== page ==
Federal judge complicity [Glenn Greenwald on Salon]

Indeed, even Guantanamo military commissions — once scorned as due-process-free zones that would reflexively churn out convictions — have treated Muslim defendants accused of Terrorism links far better than U.S. federal courts have, as advocates of civilian trials, somewhat perversely, often point out. Just ponder that: if you’re a Muslim, even an American Muslim, accused of some serious crime relating to Terrorism, you’re more likely to receive a fair trial — a chance for acquittal on some charges — if you face a U.S. military tribunal than an American federal court. By stark contrast, look at what federal judges are willing to do when white non-Muslims face dubious, speech-based charges of Terrorism: the court will dismiss the entire indictment on the (correct) ground that the accused Terrorists have the First Amendment right even to advocate violence against the U.S. Government, an affirmation of core Constitutional principles which one almost never sees a federal judge brave enough to protect in the case of a Muslim facing similarly defective accusations.

What Cocktail Parties Teach Us: The Brain Is Wired to Focus on Just One Thing; Which Tasks Are Easier to Combine [Melinda Beck on The Wall Street Journal]

Dr. Strayer’s studies have also found that talking on a cellphone is far more distracting than conversing with a passenger—since a passenger can see the same traffic hazards and doesn’t expect a steady stream of conversation as someone on a cellphone does. Listening to the radio, to music or to a book on tape also isn’t as distracting, because it doesn’t require the same level of interaction as a conversation. But Mr. Simons notes that even drivers may miss some details of a book on tape if their attention is focused on merging or other complex driving tasks. Some people can train themselves to pay extra attention to things that are important—like police officers learn to scan crowds for faces and conductors can listen for individual instruments within the orchestra as a whole. And the Utah researchers have identified a rare group of “super-taskers”—as estimated 2.5% of the population—who seem able to attend to more than one thing with ease. Many more people think they can effectively multitask, but they are really shifting their attention rapidly between two things and not getting the full effect of either, experts say.

California’s Law-and-Order Culture Shows Cracks [Steven Greenhut via Bloomberg]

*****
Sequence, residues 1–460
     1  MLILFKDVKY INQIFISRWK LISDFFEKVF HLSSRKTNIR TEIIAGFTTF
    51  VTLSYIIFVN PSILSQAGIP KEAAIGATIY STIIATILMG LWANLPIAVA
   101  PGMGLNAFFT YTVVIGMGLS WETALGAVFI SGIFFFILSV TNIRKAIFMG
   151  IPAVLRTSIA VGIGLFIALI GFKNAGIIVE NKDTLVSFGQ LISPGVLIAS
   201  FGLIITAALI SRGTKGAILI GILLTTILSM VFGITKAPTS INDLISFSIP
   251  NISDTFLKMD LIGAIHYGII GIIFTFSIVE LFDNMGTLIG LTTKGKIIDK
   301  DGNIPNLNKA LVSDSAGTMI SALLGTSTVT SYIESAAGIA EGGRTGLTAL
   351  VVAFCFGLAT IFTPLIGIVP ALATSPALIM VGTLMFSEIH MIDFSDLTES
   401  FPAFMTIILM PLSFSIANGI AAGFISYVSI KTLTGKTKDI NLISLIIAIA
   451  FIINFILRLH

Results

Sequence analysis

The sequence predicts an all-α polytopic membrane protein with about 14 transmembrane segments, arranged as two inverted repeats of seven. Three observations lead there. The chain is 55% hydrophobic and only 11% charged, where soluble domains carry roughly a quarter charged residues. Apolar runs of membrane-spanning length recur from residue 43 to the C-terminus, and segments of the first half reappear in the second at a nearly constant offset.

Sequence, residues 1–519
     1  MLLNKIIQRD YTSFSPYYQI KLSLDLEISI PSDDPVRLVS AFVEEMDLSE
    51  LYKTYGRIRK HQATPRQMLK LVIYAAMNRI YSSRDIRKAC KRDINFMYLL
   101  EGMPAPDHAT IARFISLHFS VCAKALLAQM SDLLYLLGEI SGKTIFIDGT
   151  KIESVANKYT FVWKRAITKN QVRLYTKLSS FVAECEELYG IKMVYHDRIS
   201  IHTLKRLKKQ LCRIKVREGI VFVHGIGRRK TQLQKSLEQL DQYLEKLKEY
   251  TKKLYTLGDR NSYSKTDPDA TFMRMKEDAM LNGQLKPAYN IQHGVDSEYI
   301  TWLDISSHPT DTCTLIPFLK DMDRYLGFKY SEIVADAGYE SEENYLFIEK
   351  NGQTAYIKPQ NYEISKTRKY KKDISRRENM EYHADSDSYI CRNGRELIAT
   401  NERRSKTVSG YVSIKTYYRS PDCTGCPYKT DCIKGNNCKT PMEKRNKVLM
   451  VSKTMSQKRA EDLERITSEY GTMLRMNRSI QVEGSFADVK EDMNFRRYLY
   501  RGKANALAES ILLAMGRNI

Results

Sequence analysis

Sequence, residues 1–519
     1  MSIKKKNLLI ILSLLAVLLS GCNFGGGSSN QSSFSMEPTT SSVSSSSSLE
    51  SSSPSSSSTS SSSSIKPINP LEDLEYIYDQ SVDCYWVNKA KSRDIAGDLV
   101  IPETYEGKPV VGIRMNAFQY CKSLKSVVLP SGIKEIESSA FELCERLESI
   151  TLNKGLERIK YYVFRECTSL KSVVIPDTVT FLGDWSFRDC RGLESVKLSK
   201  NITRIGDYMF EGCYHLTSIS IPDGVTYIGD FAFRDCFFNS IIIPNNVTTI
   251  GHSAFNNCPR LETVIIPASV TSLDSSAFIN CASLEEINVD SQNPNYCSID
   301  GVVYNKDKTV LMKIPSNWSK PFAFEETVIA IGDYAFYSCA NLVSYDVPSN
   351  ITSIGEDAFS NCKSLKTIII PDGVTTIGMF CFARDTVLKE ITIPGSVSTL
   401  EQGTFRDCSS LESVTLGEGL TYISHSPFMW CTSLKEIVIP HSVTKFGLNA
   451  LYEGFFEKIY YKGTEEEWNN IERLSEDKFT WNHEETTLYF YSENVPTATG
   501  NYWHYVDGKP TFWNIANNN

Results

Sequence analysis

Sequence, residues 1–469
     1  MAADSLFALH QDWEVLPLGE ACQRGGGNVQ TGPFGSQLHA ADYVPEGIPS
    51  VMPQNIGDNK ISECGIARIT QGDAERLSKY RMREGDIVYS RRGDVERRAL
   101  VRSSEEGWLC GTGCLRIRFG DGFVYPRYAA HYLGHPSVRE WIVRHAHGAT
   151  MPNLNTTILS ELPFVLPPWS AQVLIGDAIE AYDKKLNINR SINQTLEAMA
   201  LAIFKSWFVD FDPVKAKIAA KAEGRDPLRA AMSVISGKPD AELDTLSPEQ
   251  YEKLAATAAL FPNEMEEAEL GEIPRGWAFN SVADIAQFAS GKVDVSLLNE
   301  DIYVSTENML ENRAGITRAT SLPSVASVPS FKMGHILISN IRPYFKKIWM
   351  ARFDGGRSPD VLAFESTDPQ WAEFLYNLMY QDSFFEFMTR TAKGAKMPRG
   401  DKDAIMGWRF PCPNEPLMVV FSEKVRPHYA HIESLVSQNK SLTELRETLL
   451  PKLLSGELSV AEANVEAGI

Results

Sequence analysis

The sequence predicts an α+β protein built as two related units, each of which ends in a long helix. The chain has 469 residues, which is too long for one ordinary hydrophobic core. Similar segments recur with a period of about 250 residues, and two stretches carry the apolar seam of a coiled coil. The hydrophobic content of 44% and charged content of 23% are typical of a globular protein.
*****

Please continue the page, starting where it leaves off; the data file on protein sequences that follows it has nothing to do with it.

During a state Senate hearing in 2007 on a bill that would have overturned provisions of the state Supreme Court decision keeping police disciplinary matters confidential (Copley Press Inc. v. Superior Court of San Diego County), the law-enforcement unions showed up in force, and legislators from both parties killed the bill. Democrats even removed the civil-libertarian committee chairman who favored the changes.

Ex-Chargers Linebacker Junior Seau Dies From Gunshot Wound [Erik Matuszewski on Bloomberg]

Seau is the eighth member of the Chargers’ 1994 Super Bowl team to die. The most recent had been Lew Bush, who died of a heart attack in December. Other members of the 1994 Super Bowl team who have died are running back Rodney Culver, linebackers Dave Griggs and Doug Miller, defensive tackle Shawn Lee, defensive end Chris Mims and center Curtis Whitley. Griggs died in a 1995 car crash, Culver was killed in a 1996 plane crash, Miller was struck by lightning in 1998, Whitley overdosed in 2008, Mims died of an enlarged heart the same year and Lee suffered cardiac arrest in March 2011.

DEA Ignored All My Cries [Sarah Grieco and Rory Devine on NBC San Diego]

Chong said he was at a friend’s house in University City celebrating 4/20, a day many marijuana users set aside to smoke, when agents came inside and raided the residence. Chong was then taken to the DEA office in Kearny Mesa. He said agents questioned him, and then told him he could go home. One agent even offered him a ride, Chong said. No criminal charges were filed against him. But Chong did not go home that night. Instead, he was placed in a cell for five days without any human contact and was not given food or drink. In his desperation, he said he was forced to drink his own urine. Chong said he lost roughly 15 pounds during the time he was alone. His lawyer confirmed that Chong ingested a powdery substance found inside the cell. Later testing revealed the substance was methamphetamine. After days of being ignored, Chong said he tried to take his own life by breaking the glass from his spectacles with his teeth and then attempting to carve “Sorry mom,” on his arm. He said nurses also found pieces of glass in his throat, which led him to believe he ingested the pieces purposefully.

The Geography of U.S. Economic Confidence [Richard Florida and Charlotta Mellander via The Atlantic Cities]